The U.S. Department of Agriculture recently introduced the plate-shaped icon, replacing the food pyramid. Which is better? The answer is they are both great simple guides from the government to help you make healthy food choices. But, it is important to note that a visual graphic is just a start.
Consumers who are interested in eating healthy and making healthy choices must do some additional research and get more information; this was as true with the pyramid as it is with the plate.
The nice thing about the plate is that it is a visual representation of what each meal should look like. As with all simplified guidelines, there are a few possible pitfalls, including no mention of physical activity, lack of detail about how to select the healthiest foods and lack of information on portion sizes. This is where the getting additional information becomes important.
Remember that to maintain a healthy weight you must consider the concept of energy balance. Put simply, to lose weight, you must eat fewer calories than you burn or burn more that you eat. The previous version of the pyramid did emphasize the need for physical activity, an issue which the plate guide does not address.
Selecting the Healthiest Foods
Although, the new plate does emphasize eating more fruits and vegetables, there is no information about which vegetables and fruits are the best. To some, that may be translated as I should load up on fried okra and peaches canned in syrup or starchy vegetables like corn, peas, and potatoes that are three times higher in calories than green beans or broccoli.
It is also great to recommend eating more fruits and vegetables, but a clarification that this means focusing on adding fresh or frozen vegetables that are not fried or enhanced with butter, cheese or high calorie sauces would be even better.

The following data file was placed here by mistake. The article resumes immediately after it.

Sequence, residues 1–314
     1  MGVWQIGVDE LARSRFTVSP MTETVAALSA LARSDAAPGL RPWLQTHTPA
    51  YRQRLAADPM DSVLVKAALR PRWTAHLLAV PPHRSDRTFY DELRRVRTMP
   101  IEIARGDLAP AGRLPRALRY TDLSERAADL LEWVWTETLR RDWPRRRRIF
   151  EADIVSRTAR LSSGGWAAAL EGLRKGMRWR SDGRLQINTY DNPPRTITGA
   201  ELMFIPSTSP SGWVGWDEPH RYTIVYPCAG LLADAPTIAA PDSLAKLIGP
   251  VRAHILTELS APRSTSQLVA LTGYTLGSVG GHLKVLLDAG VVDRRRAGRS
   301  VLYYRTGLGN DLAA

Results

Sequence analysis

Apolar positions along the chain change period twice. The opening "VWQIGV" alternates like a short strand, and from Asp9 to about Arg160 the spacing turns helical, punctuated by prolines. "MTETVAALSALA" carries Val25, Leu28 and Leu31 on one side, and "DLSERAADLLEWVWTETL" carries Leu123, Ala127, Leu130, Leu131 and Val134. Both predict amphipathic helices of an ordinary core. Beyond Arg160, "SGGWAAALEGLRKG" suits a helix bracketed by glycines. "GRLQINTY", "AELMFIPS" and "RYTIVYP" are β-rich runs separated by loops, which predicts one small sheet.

It is also important to eat a variety of colors of fruits and vegetables and to choose fresh fruits over canned or dried most often. Sorry, but fruit gummies are not considered a serving of fruit.
Portion size can be a downfall too. It is important to base your eating guidelines on a regular sized dinner plate. Believe it or not there is significant variation in plate sizes. Follow these guidelines for choosing certain higher calorie foods:
- 1 fruit serving = tennis ball
- 1.5 oz. cheese = 4 stacked dice
- 3 oz. meat = deck of cards or computer mouse
- 2 Tbsp. peanut butter = a ping pong ball
- 1/2 cup ice cream = 1 scoop
- 1 oz. bread = CD case
- 1 cup cereal = a fist
- 3 oz. fish = a checkbook
- 1 cup of rice, pasta or potatoes = baseball
The most important thing to remember is that plate or pyramid is just a general nutrition guide that is easy to visualize and understand. If you are really trying to eat healthier, lose weight or have special nutrition needs, you will need more information to be successful. In these cases, you may want to consider meeting with a registered dietitian for more specific advice.
Julie Paul is a registered dietitian with WakeMed ENERGIZE!, a program to help kids and teens who either have type 2 diabetes or who are at risk of developing type 2 diabetes learn to make healthy lifestyle changes. Learn more by clicking here.